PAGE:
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Author Topic: "Freedom to Travel" Event  (Read 119670 times)

Russell Kanning

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Re: "Freedom to Travel" Event
« Reply #60 on: December 21, 2005, 02:16 AM NHFT »

"The FBI reviewed a report from Continental after the incident, Garcia said. No charges will be filed, she said."

Well ..... isn't that a relief. Maybe they will just send them a bill in the mail.
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KBCraig

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Re: "Freedom to Travel" Event
« Reply #61 on: December 21, 2005, 03:25 AM NHFT »

"The FBI reviewed a report from Continental after the incident, Garcia said. No charges will be filed, she said."

Well ..... isn't that a relief. Maybe they will just send them a bill in the mail.

I suppose TSA is still waiting on a certain check, eh? Have you gotten anything else from them?
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Russell Kanning

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Re: "Freedom to Travel" Event
« Reply #62 on: December 21, 2005, 09:21 AM NHFT »

nah
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jgmaynard

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Re: "Freedom to Travel" Event
« Reply #63 on: December 21, 2005, 11:16 AM NHFT »

You know, we know for a fact that government doesn't care what people think (after all, McCain/Feingold essentially reassured the re-election of every congressman), but remember after 9/11 how the government was so panicked about the travel industry failing? Seems that scared them.... What may be effective would be a national boycott of airlines until the TSA relaxes the stupid rules. Just enough people saying "Firget it, the airlines go for this, they won't get my money." Enough publicity and signers to such a thing could stir the airlines to demand changes themselves, and THAT would likely be listened to by the Feds.....

JM
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Lloyd Danforth

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Re: "Freedom to Travel" Event
« Reply #64 on: December 21, 2005, 11:42 AM NHFT »

I'm guessing that this won't happen.  Most flying is unnecccessary, arbitrary, corporate perk, business flying. Taking trips on the stockholder's dime.
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Dreepa

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Re: "Freedom to Travel" Event
« Reply #65 on: December 21, 2005, 12:44 PM NHFT »

I'm guessing that this won't happen.? Most flying is unnecccessary, arbitrary, corporate perk, business flying. Taking trips on the stockholder's dime.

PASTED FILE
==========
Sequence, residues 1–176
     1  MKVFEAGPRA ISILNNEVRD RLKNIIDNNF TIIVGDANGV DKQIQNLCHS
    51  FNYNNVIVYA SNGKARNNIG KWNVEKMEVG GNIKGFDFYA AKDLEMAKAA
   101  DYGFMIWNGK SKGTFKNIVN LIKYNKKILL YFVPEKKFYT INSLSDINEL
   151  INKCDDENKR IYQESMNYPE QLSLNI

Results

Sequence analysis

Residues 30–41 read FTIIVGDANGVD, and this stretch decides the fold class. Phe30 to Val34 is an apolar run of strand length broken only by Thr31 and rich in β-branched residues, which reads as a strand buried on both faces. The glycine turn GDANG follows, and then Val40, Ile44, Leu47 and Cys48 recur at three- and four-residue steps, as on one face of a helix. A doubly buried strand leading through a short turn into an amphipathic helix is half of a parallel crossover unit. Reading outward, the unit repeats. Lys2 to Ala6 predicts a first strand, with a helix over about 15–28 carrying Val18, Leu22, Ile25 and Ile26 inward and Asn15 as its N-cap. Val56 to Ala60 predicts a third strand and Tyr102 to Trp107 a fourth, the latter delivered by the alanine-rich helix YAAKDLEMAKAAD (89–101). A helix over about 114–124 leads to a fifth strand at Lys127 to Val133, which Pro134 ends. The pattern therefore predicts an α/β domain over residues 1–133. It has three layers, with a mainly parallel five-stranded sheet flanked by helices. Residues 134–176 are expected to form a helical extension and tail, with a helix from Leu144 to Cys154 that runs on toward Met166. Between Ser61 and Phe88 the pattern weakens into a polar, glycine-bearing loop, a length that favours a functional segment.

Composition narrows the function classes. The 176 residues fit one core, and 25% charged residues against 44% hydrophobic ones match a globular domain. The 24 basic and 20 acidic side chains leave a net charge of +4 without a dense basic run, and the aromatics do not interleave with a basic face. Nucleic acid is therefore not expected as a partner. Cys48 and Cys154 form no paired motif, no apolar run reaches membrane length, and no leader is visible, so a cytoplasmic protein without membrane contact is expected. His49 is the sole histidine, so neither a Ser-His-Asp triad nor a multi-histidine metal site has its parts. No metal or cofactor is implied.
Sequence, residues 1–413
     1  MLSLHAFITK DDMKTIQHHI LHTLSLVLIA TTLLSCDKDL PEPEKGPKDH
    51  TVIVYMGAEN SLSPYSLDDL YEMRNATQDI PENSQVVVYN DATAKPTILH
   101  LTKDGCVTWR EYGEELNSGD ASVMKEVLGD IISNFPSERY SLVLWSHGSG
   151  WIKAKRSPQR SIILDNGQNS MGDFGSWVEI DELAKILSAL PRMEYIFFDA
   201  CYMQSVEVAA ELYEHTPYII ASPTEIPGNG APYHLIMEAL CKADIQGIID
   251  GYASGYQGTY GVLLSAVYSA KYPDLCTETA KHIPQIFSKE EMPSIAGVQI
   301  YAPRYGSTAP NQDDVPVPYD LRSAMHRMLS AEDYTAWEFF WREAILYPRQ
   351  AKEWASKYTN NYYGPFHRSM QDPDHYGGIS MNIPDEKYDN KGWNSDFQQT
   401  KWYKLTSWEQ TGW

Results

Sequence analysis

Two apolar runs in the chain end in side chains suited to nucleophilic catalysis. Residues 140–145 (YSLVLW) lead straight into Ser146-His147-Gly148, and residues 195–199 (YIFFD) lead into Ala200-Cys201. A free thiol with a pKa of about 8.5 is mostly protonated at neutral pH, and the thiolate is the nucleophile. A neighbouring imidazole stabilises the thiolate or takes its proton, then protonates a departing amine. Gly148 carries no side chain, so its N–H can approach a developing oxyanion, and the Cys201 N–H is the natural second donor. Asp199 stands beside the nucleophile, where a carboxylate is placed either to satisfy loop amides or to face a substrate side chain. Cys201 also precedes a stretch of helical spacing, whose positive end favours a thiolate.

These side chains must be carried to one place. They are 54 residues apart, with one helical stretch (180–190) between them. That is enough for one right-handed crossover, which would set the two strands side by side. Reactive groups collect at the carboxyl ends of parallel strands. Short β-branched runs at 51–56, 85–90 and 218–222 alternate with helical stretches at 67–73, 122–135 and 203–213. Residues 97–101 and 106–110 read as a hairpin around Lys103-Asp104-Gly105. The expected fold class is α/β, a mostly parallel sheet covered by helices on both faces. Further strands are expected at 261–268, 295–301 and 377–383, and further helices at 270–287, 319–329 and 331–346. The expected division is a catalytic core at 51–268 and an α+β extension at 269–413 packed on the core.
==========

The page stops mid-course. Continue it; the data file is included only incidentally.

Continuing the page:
Are you sure about this?
I will admit that the last trip I took was unneccessary but the majority of trips I take along with many other business travellers are 'necessary'.
Trust me most people who travel for business would rather not fly at all. 
Trips on the stockholders dime.... those are usually private jets.
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toowm

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Re: "Freedom to Travel" Event
« Reply #66 on: December 21, 2005, 03:26 PM NHFT »

It's interesting to speculate how much air travel is really necessary. I fly 10-20 times a month, but usually I'm just going to and from a 2 hour meeting. I think it makes economic sense because there is still a big difference between face-to-face and telephone, or even video teleconference. Also, cell phones, Blackberries and computers allow me to work just about anywhere. Planes are a great place to catch up on reading.

In a free society, I can't tell if people would fly more or less.
 Less - fewer compliance-type meetings, faster car, rail, and other options, better virtual technology
 More - faster planes, lower prices, more global markets, spread-out families

As far as a perk goes, I've met few corporate employees that truly enjoy flying. Many do like having the frequent flyer miles for vacations, but I know quite a few who take driving vacations, to truly feel that they're away from the office.
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Lloyd Danforth

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Re: "Freedom to Travel" Event
« Reply #67 on: December 21, 2005, 04:59 PM NHFT »

If you work for a corporation and fly for them First Class, Business, economy or Baggage your flying on the stockholders dime.
If you sell, lets say, manufacturing machinery, you might have to travel to show how to set it up and run it.
If you're a courier of sensitive stuff, I guess you  have to travel.. If you sell items that are too expensive to ship samples, I guess you have to travel.
I would guess that most business travel could be done away with with video conference calling. If you provide a quality product or service, that people, actually, need and have a good reputation, I question the need for face to face.
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Dreepa

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Re: "Freedom to Travel" Event
« Reply #68 on: December 21, 2005, 05:50 PM NHFT »

I question the need for face to face.
I used to teach Computer class for Oracle.  I taught the online versions ( me lecturing on the phone and showing a computer screen) and in person.
In person is probably 100% better in 90% of the cases.  Most people just can't pay attention all day in front of a computer.

Now I help people install software.  I do it over the phone and in person.  Unless the person you are talking to over the phone is truly good it is much better to be in person.